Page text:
Heitkotter’s passion for driving grew with age, as he honed his driving ability on video games, and then at 18 years old, took to the track to compete in auto cross events. He would spend the next several years working up to placing in the SCCA Solo Nationals, eventually nabbing Solo Autocross and ProSolo National Champion titles. To fund his racing, Heitkotter worked a job as a delivering auto parts, passing up several promotions to stay behind a steering wheel, even if that steering wheel belonged to a delivery van. In his “free time” he sharpened his skills on Gran Turismo, starting with the original GT1. Then, during the Great Recession, he was laid off from his job, and nearing 30 years of age, he saw the GT Academy as his last hope for a chance to fulfill his lifelong dream of becoming a professional racecar driver.
After beating out over 53,000 online competitors and finishing among the top 16 in the 2011 U.S. Finals, Heitkotter made the long journey to England's hallowed Silverstone Circuit and became the first to win the coveted Red Helmet as the U.S. GT Academy Champion in 2011. When asked how he felt the moment he crossed that finish line, he replied, “That was the paramount moment of my entire racing experience thus far because it represented the realisation of my lifelong dream of becoming a professional racecar driver.”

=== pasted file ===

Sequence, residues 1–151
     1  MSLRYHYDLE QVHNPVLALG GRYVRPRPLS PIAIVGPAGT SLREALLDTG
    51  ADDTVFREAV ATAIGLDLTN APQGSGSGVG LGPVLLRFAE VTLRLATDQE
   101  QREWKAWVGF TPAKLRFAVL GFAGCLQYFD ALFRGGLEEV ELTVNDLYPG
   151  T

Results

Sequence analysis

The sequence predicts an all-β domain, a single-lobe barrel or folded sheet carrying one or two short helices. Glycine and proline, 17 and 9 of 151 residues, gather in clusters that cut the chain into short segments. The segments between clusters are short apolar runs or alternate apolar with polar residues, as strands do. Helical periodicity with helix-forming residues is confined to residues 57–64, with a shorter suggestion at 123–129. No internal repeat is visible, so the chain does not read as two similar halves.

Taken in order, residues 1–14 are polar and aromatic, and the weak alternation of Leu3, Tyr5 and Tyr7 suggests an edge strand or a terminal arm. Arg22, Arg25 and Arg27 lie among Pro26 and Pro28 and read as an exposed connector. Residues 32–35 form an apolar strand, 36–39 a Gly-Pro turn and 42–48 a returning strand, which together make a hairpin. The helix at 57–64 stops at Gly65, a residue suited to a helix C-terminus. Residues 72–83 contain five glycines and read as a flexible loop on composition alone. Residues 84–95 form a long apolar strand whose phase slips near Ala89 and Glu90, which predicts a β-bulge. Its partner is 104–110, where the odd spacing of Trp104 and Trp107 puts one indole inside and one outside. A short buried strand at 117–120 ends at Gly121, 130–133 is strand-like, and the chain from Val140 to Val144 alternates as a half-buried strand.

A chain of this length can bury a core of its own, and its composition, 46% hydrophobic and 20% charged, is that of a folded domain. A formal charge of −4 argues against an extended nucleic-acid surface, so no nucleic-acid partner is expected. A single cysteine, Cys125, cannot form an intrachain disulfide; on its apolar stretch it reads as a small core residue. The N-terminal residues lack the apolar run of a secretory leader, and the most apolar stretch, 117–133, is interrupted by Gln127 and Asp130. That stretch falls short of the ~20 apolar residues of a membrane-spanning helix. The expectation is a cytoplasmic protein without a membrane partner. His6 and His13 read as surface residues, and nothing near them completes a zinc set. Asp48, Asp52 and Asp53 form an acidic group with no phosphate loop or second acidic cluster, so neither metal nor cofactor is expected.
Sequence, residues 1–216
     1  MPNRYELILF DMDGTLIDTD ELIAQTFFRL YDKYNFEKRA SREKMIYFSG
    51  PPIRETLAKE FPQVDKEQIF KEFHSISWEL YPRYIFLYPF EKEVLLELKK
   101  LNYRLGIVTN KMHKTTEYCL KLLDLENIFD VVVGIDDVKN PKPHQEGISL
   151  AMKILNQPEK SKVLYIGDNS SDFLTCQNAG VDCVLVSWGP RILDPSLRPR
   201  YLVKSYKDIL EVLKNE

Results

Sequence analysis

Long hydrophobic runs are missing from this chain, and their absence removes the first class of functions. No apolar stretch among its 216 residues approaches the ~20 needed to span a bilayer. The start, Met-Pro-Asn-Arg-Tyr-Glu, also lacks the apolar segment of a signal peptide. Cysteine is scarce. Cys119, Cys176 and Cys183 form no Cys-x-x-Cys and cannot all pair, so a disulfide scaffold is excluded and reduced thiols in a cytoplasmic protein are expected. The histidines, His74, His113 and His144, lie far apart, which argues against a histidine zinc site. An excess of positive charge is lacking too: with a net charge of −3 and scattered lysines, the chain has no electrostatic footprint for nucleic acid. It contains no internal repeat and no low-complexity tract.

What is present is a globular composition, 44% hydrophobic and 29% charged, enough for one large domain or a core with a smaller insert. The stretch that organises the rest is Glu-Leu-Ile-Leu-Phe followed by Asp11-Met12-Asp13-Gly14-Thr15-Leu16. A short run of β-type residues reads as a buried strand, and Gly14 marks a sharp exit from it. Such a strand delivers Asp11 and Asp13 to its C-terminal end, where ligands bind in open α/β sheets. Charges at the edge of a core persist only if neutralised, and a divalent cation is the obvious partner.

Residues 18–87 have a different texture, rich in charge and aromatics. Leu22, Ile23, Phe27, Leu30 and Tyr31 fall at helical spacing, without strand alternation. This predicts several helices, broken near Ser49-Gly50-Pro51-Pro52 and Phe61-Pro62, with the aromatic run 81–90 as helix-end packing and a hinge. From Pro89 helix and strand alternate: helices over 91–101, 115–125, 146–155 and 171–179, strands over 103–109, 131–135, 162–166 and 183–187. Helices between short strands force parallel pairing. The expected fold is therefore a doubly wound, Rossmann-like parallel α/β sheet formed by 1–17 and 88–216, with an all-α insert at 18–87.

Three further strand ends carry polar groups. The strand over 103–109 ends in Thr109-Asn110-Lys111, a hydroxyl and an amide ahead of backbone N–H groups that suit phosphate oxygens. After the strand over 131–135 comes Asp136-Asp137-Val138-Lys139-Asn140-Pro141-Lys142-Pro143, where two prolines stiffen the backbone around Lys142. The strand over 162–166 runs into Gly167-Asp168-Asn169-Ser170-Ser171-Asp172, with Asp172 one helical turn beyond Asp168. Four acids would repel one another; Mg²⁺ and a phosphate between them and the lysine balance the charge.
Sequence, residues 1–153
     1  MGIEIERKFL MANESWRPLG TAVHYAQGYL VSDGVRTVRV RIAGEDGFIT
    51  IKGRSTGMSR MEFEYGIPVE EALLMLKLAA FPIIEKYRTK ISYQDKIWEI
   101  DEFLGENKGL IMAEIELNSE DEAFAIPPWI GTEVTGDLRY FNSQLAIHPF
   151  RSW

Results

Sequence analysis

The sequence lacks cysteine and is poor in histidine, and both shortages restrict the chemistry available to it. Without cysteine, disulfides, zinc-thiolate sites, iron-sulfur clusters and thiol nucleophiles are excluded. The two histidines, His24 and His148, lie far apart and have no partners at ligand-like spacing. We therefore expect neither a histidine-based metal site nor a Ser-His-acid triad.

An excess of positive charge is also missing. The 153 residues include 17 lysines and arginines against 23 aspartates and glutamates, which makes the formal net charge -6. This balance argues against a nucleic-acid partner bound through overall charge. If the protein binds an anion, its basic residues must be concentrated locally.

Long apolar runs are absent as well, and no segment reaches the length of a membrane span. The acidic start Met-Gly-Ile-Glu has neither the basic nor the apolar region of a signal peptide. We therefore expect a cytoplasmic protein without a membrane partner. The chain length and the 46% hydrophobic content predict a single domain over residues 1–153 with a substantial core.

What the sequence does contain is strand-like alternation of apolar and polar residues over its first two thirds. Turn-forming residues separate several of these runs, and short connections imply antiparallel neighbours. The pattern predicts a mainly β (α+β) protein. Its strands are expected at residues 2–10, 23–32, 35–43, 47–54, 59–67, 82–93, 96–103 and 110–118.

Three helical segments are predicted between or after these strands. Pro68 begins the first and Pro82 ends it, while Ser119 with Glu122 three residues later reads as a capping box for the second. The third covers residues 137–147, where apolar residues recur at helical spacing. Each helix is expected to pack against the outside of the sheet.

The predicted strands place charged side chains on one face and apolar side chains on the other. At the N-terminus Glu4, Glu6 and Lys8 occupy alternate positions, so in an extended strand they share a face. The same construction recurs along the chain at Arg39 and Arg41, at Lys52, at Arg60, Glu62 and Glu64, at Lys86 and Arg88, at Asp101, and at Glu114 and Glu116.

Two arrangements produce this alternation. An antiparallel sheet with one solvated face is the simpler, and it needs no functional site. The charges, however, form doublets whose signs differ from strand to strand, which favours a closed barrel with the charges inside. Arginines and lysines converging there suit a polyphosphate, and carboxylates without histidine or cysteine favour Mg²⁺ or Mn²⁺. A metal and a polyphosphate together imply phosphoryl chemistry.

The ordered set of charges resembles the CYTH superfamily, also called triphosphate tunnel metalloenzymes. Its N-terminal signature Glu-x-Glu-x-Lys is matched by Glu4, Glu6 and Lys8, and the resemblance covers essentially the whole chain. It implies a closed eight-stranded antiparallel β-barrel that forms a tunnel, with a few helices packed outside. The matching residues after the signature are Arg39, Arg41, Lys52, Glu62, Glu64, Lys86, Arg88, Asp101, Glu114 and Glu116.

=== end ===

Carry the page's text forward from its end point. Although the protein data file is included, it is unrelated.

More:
Heitkotter has made the most of his opportunity, turning in one impressive result after another in the professional ranks, but still challenges himself, describing the 2012 season as “lots of speed, minimal luck.” Gracious about his opportunity and honoured to be considered a fellow driver among his current peers, he considers capturing pole position at the Grand Am race held on the road course at the famed Indianapolis Motor Speedway as his greatest accomplishment so far. Future goal: moving out of sports cars and into cars with more down force, namely open-wheel racers or sports car prototypes.